Computer-Controlled Machine Tool Operators
On the Job
Computer-Controlled Machine Tool Operators set up and monitor machines. They lift material onto machines and adjust machines' settings. They work to reduce or prevent malfunctions.
This career requires good hearing and time standing, walking, or running.
Typical Work Tasks
People who work in this career often:
- Lift materials or workpieces using cranes or other lifting equipment.
- Study blueprints or other instructions to determine equipment setup requirements.
- Calculate specific material, equipment, or labor requirements for production.
- Confer with others to resolve production problems or equipment malfunctions.
- Test electrical equipment or systems to ensure proper functioning.
- Adjust equipment controls to regulate coolant flow.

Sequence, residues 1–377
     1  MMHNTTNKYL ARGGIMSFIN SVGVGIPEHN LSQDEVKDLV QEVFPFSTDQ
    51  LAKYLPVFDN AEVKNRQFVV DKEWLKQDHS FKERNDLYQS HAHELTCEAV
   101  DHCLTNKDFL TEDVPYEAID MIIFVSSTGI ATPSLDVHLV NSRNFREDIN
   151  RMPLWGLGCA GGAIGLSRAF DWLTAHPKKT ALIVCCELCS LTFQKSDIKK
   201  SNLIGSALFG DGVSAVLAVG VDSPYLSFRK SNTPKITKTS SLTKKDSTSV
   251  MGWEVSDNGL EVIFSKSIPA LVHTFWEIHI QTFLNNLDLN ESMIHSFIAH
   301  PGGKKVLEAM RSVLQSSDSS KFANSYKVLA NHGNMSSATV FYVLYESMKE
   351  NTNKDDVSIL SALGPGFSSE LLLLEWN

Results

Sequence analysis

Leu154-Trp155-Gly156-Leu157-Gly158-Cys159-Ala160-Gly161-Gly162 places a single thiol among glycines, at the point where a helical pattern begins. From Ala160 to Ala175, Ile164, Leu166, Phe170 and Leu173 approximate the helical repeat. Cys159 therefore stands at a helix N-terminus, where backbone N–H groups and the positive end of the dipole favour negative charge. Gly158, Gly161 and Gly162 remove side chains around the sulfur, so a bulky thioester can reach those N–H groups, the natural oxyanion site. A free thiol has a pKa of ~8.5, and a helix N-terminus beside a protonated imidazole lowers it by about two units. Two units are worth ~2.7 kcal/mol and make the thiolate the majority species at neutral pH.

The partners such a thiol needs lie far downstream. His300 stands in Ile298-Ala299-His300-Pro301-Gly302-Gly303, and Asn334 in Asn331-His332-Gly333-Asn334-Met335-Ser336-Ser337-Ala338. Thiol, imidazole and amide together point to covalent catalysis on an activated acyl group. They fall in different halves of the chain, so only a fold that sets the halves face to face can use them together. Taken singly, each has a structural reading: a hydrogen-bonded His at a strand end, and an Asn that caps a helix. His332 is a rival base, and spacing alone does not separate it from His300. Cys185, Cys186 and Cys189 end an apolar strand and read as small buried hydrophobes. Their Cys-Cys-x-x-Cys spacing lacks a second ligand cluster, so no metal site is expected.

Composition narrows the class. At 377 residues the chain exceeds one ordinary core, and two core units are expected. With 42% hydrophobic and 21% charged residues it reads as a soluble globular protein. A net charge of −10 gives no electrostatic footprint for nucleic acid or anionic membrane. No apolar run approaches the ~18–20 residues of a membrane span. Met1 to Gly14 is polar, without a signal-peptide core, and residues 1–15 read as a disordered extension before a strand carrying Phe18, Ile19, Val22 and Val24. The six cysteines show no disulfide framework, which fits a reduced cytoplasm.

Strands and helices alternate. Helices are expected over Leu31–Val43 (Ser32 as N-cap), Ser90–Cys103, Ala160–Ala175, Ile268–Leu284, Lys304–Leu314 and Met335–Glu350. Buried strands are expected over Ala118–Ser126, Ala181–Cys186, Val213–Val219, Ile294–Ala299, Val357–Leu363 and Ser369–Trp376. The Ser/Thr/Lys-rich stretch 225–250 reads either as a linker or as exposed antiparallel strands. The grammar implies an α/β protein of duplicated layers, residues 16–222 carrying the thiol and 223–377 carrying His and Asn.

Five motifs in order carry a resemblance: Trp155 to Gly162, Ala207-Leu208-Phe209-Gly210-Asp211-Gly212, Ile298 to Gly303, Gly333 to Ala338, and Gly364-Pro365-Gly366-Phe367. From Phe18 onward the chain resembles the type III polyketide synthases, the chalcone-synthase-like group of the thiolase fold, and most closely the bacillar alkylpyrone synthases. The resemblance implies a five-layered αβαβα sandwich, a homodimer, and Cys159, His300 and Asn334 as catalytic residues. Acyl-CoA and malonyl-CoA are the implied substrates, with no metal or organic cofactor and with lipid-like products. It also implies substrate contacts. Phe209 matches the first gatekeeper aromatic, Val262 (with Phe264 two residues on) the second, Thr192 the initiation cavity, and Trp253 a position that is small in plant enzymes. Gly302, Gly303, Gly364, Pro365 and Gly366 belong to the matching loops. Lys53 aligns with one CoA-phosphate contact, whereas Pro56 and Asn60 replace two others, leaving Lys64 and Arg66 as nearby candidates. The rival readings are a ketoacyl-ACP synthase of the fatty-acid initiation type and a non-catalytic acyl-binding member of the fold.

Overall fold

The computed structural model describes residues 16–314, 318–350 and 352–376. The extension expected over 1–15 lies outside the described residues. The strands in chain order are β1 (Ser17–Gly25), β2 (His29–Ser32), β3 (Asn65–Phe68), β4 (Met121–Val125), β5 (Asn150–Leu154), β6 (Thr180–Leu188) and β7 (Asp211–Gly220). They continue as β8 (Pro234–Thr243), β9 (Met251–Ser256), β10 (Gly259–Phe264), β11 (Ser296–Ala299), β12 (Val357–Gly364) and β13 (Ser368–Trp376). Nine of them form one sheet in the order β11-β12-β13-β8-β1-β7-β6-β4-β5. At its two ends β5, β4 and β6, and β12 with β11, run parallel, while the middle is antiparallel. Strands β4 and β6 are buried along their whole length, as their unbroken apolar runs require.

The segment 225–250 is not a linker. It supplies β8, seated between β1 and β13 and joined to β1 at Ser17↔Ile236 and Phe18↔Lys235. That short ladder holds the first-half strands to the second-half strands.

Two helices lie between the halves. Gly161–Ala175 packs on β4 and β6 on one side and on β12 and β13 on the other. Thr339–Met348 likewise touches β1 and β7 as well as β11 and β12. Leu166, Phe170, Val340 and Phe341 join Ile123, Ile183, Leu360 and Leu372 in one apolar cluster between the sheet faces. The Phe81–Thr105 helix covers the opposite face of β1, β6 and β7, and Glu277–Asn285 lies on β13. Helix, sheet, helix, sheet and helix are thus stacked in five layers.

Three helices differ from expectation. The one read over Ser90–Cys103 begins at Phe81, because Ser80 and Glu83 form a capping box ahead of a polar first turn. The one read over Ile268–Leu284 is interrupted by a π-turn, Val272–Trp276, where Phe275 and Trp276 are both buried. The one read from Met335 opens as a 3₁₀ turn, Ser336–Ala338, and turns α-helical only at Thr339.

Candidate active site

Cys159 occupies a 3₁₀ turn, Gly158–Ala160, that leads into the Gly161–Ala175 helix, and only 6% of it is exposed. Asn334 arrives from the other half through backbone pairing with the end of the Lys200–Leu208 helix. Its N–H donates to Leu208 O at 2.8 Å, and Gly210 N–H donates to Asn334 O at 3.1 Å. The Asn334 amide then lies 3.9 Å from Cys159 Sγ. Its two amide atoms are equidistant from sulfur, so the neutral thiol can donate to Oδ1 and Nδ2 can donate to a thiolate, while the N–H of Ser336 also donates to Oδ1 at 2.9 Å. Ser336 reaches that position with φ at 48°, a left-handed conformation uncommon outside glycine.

- Adjust equipment controls to regulate flow of production materials or products.
- Draw guide lines or markings on materials or workpieces using patterns or other references.
- Install mechanical components in production equipment.
- Mount attachments or tools onto production equipment.
Typical Working Conditions
- Exposure to sounds or noise levels that are distracting or uncomfortable.
- Using your hands to handle, control, or feel objects, tools, or controls.
- Wearing common protective or safety equipment such as safety shoes, glasses, gloves, hearing protection, hard hats, or life jackets.
- The importance of being accurate or exact.
- Having face-to-face discussions.
- Meeting strict deadlines.
- A work pace that is determined by the speed of equipment.
- Exposure to hazardous equipment.
- Freedom to make decisions without supervision.
- Serious consequences if mistakes are made.
- Working with a group or team.
This page includes information from the O*NET 22.0 Database by the U.S. Department of Labor, Employment and Training Administration (USDOL/ETA). Used under the CC BY 4.0 license. O*NET® is a trademark of USDOL/ETA.
Source: You can learn about our data sources in the About Us section.